There was hardly any sign of separatist movement in the Åland Islands before 1917. Their status internationally remained unaltered, due to an international treaty from 1856 requiring them to remain unfortified. After the outbreak of the World War Imperial Russia naturally moved armed forces to the Islands in order to prevent landings of enemy forces and to close the Gulf of Bothnia and the Gulf of Finland. Ten coastal forts were built in the Åland Islands, and in 1916 the number of Russian soldiers (12 000) on the island was already equivalent to half of the Islands’ own population. A unit of gendarmerie was also stationed there. General warfare was, however, not extended to the Åland Islands at any stage despite the occasional bombings of submarines carried out by zeppelins. The situation changed, also in the Åland Islands, when internal revolutions started in Russia. A separatist Åland movement whose goal was the annexation of the islands to another state, i.e. to Sweden, becomes a reality in spring 1917.
The separatist movement had both nationalistic and other kinds of political reasons. The inhabitants of Åland were worried about the situation in Finland, which seemed to be drifting into a political chaos, possibly resulting in a strongly Fenno-nationalistic realm or the introduction of a socialist system. They wanted to get rid of the Russian armed forces because their undisciplined behavior had become a problem in the Åland Islands, too. Annexation to Sweden seemed to provide considerably greater protection nationally and socially than staying as a part of Finland, whose future seemed uncertain.
Members of the Parliament of Åland, including at least Johannes Eriksson, August Karlsson, Julius Sundblom
and Fanny Sundström, walking to the church in Mariehamn. Museum of Åland.

Members of the Parliament of Åland, including at least Johannes Eriksson, August Karlsson, Julius Sundblom and Fanny Sundström, walking to the church in Mariehamn. Museum of Åland.

The project of annexing Åland to Sweden was launched by a small group of activists and became finally a veritable peoples’ movement. At a meeting held in August 1917 representatives of several municipalities on Åland demanded that the Åland Islands should be annexed to Sweden. The Islanders regarded it as ”reunification”. The meeting decided to send a delegation to Stockholm to inform the Swedish Government of the desire of the inhabitants. Julius Sundblom, member of the Finnish Parliament and publisher of Åland, the only newspaper on the islands, and Solicitor Carl Björkman gradually emerged as leaders of this movement. Earlier contacts with the Government of Sweden had not been encouraging, but the project was backed by a growing number of leading men on Åland and ordinary Ålanders, particularly when Finland had issued a declaration of independence. During the last days of the year a petition was collected in which 7146 Ålanders expressed their wish that the islands should be annexed to Sweden. It provided the project with democratic backup. The project of the Ålanders simultaneously became a separatist one, because the movement did not in any way get in contact with the Finnish government. It was all about joining Sweden; the Ålanders did not bring forth any option for autonomy.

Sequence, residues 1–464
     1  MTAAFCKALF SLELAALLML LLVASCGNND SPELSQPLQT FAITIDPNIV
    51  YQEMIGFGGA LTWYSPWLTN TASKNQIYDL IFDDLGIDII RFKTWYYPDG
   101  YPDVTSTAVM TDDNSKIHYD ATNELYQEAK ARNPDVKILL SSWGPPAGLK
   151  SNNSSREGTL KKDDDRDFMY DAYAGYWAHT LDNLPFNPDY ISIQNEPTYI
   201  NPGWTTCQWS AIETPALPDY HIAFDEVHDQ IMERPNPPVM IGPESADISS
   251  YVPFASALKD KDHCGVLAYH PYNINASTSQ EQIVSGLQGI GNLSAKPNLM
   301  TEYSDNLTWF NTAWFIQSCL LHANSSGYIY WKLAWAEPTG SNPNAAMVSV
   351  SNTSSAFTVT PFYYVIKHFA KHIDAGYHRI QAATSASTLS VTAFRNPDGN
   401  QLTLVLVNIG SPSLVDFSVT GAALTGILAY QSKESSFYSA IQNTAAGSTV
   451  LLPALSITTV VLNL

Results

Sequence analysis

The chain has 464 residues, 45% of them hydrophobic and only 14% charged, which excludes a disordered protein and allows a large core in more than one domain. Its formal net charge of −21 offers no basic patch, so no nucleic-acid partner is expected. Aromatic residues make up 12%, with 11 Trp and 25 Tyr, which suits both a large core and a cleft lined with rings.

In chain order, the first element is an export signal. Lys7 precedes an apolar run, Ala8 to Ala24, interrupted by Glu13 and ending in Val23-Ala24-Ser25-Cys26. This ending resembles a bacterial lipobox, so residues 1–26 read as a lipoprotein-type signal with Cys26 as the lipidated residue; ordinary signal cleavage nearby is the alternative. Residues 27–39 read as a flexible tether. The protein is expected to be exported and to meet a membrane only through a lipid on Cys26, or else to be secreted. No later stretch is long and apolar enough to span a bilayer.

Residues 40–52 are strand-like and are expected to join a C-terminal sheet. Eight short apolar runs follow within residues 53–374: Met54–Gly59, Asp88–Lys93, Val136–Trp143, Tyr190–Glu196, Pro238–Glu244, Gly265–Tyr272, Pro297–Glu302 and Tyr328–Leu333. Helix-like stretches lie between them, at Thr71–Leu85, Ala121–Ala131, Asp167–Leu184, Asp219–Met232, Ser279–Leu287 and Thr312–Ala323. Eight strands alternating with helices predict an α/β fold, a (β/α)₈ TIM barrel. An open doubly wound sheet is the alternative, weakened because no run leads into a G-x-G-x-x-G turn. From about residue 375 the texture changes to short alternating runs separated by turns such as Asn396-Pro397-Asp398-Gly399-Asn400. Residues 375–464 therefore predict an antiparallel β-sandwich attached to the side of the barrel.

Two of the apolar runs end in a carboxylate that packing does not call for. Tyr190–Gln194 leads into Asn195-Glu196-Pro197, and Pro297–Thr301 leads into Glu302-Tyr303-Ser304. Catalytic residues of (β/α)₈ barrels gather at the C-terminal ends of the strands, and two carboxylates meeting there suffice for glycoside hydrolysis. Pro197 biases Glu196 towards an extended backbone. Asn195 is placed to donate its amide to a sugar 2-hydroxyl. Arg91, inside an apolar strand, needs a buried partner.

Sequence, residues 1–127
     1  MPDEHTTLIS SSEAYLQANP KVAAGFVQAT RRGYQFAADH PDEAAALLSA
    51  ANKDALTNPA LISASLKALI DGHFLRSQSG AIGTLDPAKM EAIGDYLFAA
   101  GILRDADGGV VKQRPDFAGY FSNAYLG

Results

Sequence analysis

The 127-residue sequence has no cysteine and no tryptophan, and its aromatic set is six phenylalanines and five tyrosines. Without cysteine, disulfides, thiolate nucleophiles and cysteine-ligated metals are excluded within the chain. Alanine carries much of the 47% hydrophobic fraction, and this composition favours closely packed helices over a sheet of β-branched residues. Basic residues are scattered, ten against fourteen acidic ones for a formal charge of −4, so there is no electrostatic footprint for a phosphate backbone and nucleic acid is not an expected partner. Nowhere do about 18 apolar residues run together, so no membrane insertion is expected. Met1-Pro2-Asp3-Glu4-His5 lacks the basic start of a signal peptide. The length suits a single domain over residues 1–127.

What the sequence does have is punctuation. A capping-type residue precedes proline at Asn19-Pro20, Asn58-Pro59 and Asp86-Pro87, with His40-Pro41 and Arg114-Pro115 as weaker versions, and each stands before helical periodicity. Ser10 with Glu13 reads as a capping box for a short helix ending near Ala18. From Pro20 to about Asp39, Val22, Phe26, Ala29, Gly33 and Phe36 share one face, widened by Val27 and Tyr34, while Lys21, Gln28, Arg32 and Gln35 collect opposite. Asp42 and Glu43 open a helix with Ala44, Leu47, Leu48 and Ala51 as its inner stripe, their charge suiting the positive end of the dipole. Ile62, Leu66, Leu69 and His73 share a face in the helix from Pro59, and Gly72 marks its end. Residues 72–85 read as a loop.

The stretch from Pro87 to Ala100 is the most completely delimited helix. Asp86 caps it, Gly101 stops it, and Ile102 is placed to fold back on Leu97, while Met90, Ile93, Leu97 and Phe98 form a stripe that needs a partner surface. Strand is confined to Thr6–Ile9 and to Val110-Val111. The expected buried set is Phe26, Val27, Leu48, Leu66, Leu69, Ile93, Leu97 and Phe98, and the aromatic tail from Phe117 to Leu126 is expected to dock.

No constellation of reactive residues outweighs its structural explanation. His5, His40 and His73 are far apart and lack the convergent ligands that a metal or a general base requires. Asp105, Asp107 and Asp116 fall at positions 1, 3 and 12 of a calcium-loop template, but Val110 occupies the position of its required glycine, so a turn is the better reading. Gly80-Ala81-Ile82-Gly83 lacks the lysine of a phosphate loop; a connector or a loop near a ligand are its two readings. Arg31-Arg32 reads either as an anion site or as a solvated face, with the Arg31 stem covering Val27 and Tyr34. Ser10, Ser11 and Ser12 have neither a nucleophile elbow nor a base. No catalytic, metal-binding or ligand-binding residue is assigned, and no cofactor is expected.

Russian soldiers at the Åland Islands 1916. Ålands Museum.

Russian soldiers at the Åland Islands 1916. Ålands Museum.

As the status of the Åland Islands was determined by an international treaty, almost none of the great powers would regard the result of the proceedings with total indifference. They regarded it, however, as a Russian internal matter as long as Russia was led by the Interim Government. The islands were also physically in the possession of Russian military forces. Soviet-Russia did not utter any reservations concerning for the Åland Islands when it recognized Finland’s independency. Soviet-Russia had, however, no intention to recognize any international security agreements concerning the islands in case it was not a party in such agreements.

During the World War, the Åland Islands immediately also became an object of diplomatic trade. In addition to Russia only Germany possessed the ability to intervene militarily in the matters of the Islands without delay. Its long-term goal had been to try to get Sweden to join the Central powers in the World War, and one of the incentives was to promise the Åland Islands as a prize. In fact, the King of Sweden provided an incentive for this in 1917 – withholding information about his own role in this matter from the Government of Sweden and the Swedish Parliament. However, neither the Government nor the Parliament wanted to endanger the neutrality of Sweden. For Britain, the Åland Islands was of great interest from the viewpoint of commercial interests and sea power, but the Islands were at that time outside the sphere of British influence.

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